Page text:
Since reading biology at London university I’ve had a keen interest in enviromental issues, biodiversity and climate change. I really welcome the 2050 target of reducing net emissions to zero. But unlike others I expect there to be economic net benefits rather than net costs, though there will be “an upfronting” cost, followed by a return on the investment.
The price of electric vehicles is coming down each year, and now Tesla have just launched in the UK their Tesla 3 vehicle, this has amazing performance 0-60 in 3.2 seconds a top speed of 164 and range of 320 miles. There is positive talk from Elton Musk of 400 miles range for the Tesla 3 during 2020. There is a trend here, lower cost vehicles with higher range each year, it doesn’t take much to realise that new electric vehicles will soon be at price parity with petrol and diesel ones, and then cheaper, they have less components than convenential cars and once the battery price is lower then so will their overall price.
Read more about the tax attractions of an electric car from 2020/21 here.
I also expect the range not to stop at 400 miles but to keep increasing. Once a vehicle can run for 500-600 miles without recharging then gone are the days of petrol and diesel cars. As the barriers to buying an electric car will have been overcome.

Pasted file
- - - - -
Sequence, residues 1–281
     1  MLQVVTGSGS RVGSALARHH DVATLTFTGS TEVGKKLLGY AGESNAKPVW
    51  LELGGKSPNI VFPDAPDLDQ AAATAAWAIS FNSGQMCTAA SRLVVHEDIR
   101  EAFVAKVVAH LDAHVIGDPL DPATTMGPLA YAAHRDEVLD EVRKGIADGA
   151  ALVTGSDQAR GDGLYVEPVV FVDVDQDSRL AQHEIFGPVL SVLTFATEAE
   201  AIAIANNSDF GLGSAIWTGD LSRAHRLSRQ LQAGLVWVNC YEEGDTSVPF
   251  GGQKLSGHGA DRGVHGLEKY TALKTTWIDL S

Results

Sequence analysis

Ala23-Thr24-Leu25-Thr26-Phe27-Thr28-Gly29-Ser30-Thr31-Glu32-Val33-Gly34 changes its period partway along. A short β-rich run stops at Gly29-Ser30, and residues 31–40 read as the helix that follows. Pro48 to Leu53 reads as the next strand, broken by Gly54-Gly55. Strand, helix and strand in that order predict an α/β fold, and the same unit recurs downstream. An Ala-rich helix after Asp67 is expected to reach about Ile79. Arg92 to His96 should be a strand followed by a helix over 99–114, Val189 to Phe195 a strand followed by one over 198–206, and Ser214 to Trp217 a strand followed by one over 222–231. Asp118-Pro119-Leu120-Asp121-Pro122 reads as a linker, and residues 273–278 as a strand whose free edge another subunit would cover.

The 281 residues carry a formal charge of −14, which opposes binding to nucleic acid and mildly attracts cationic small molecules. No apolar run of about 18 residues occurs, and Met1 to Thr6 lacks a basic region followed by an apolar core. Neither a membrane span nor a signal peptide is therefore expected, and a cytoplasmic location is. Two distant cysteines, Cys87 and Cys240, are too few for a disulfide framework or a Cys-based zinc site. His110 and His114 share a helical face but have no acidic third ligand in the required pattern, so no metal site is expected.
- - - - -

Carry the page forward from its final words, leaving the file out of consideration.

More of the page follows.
Photovoltaic and household heating.
As PV panels get cheaper and more efficient it will soon be logicial to replace your boiler with a solar panel array and battery storage, there may even come a day when battery storage is so efficient it can store charge collected in the Summer and release it in the Winter! That really would be the day and maybe it is possible also, given our current rate of technology progression.
So I think that the two biggest contributors from households will be naturally reducing all through the period 2020-2030 meaning there is a good chance that we, in the UK can beat the 2050 target or at least front end achievement of it.
Industrial scale win and solar on and offshore
As I drive around the UK, I am seeing more and more solar farms and more and more wind farms, given our interconnection to the EU energy grid the is plenty of scope to import electricty when there is no wind and export when there is. As we are such a windy country I can’t see why that can’t be export led. As commercial storgage improves then the need to import may not ever be needed.
Dogger Bank the large shallow area in the North Sea that is part of the UK territory is a fantastic location for a huge wind farm that can in theory at least provide all the UK’s and the countries of the benelux energy needs. The UK could therefore in theory at least become a big exporter of clean and cheap energy to the continent.
Nuclear power can always make up the short fall in the dark windless evenings, though I think in time this also will be phased out, nuclear fusion could also be a game changer but that always appears to be 30 years away, maybe a break through will come but I don’t see that in the short term.